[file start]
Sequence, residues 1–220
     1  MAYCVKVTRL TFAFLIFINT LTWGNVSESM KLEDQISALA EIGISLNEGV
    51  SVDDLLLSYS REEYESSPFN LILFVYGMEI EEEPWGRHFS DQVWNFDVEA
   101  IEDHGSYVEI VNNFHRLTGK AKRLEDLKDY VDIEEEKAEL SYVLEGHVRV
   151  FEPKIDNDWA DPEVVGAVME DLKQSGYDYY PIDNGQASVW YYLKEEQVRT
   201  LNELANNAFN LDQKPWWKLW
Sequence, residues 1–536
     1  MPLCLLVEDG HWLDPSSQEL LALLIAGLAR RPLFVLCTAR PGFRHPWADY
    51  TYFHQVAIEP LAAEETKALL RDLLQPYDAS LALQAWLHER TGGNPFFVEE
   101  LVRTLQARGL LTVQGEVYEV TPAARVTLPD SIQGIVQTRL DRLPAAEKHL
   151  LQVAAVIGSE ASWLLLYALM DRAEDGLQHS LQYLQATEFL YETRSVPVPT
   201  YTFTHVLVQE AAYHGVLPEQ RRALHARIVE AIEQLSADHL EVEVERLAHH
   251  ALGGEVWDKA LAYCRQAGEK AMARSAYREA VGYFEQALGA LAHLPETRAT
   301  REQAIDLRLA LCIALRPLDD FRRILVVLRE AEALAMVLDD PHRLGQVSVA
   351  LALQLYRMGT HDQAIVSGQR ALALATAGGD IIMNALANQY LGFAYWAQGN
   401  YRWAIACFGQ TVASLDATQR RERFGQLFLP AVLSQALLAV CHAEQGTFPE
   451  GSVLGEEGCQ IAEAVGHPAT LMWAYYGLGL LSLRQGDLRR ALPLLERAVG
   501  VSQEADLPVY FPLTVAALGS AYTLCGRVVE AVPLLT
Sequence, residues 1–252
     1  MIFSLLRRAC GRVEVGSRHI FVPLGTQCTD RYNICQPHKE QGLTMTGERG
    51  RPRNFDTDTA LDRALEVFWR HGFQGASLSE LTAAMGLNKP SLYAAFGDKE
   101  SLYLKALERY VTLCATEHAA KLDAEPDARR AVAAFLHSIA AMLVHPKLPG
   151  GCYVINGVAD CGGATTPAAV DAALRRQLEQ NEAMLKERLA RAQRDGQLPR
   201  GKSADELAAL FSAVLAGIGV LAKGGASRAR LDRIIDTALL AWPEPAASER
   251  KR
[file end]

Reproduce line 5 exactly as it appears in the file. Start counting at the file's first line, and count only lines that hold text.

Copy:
   151  FEPKIDNDWA DPEVVGAVME DLKQSGYDYY PIDNGQASVW YYLKEEQVRT